From payment processing that bypasses the banking system to cryptocurrencies launched by central banks, its impact could be significant.
However, this technological disruption is unlikely to happen overnight, as regulators will want to keep tight reins on the global financial system – but what could we have in store?
A blockchain enables any type of encrypted data – from electronic money to medical records – to be shared between members of a closed network.
Blockchain protects the data from fraud and updates all the members concerned. It is what is known as distributed ledger technology (DLT), allowing a network of computers to agree at regular intervals on the true state of a ledger’s position.
Copies are shared between all participants and a process is established by which users agree on changes to the ledger. Since anyone can check any proposed transaction against the ledger, this means there is no need for a central authority.
Proponents of the technology argue that it will ultimately reduce the need for much of the financial intermediation that provides lucrative earnings for many businesses, as it essentially removes the need for middle men.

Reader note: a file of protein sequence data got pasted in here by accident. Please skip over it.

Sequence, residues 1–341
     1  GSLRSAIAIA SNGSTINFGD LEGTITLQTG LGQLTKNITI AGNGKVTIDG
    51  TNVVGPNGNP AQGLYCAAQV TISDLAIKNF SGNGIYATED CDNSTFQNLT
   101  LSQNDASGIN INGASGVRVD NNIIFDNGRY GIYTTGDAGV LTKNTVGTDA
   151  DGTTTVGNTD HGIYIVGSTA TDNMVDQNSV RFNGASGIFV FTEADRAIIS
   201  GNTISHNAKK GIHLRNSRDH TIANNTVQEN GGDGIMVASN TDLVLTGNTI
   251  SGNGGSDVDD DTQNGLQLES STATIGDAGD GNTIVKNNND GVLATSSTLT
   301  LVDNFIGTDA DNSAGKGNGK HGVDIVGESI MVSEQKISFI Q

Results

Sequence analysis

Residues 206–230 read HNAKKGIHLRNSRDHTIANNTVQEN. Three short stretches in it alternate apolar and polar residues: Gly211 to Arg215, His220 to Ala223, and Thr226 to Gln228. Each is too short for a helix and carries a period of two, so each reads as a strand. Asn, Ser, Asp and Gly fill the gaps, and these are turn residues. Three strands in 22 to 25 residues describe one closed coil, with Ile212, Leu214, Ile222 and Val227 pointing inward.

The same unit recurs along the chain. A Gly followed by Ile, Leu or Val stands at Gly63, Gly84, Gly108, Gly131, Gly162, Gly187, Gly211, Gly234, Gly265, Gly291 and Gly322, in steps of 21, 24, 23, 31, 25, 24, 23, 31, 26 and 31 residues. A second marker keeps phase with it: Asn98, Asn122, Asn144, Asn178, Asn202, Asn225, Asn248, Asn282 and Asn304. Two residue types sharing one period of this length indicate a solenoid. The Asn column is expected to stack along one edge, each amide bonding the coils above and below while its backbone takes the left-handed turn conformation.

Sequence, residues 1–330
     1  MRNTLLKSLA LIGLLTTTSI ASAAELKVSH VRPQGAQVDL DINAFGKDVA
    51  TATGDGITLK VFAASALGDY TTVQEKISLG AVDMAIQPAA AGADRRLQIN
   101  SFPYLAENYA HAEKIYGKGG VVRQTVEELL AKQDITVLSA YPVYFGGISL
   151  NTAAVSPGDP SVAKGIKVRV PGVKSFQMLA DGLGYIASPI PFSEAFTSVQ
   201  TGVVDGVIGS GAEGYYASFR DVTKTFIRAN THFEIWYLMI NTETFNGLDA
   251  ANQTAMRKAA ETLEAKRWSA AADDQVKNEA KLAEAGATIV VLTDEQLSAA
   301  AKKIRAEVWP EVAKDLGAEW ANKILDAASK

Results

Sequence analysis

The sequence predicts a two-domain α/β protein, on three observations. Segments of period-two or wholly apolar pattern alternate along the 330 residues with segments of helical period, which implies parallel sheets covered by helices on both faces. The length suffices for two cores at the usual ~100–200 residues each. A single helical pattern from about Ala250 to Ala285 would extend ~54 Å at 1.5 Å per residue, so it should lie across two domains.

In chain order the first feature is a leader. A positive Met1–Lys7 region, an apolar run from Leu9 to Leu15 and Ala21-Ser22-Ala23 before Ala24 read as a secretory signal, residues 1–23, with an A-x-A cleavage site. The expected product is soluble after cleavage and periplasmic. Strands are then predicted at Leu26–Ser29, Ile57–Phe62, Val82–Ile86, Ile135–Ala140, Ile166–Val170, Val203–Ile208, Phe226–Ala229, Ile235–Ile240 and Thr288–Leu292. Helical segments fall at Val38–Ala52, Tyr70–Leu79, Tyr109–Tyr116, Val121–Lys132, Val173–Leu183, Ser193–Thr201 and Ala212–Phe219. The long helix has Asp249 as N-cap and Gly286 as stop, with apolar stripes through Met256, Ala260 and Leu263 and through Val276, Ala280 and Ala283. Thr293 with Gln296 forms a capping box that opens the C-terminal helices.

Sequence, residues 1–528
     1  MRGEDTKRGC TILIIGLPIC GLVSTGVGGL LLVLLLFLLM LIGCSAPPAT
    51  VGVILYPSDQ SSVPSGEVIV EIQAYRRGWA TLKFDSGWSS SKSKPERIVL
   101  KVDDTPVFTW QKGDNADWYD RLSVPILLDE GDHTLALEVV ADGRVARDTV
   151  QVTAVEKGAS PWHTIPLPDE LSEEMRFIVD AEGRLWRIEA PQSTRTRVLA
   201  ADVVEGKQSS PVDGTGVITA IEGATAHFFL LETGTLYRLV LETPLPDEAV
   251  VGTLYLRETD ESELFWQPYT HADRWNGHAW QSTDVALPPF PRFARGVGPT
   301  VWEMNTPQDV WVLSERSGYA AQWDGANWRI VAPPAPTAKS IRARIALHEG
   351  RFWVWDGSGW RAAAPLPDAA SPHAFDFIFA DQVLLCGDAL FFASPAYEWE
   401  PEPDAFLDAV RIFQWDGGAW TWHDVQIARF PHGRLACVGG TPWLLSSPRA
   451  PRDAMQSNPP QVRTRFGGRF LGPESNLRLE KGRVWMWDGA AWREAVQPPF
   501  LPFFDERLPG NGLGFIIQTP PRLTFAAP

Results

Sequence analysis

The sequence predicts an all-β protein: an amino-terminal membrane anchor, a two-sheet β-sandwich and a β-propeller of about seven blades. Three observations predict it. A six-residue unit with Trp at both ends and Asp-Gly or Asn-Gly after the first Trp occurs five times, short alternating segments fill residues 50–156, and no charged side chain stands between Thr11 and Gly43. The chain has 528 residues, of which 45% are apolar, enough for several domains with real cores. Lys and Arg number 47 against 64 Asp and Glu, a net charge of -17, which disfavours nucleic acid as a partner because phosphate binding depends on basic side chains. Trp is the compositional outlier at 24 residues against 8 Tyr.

As a result, financial services firms are actively exploring how they can use blockchain to save costs and remove the existential threat it poses.
For example, Nasdaq is investigating the possibility of creating distributed ledgers for private company share registers. The Australian Stock Exchange is testing whether blockchain could be used to replace its existing clearing and settlement systems.
A consortium of 70 of the world’s largest financial institutions has also formed R3 to develop a platform called Corda that settles transactions faster and at lower costs using DLT technology. R3 includes major banks such as HSBC, Barclays, UBS and Bank of America…
Read Full: Blockchain will change finance forever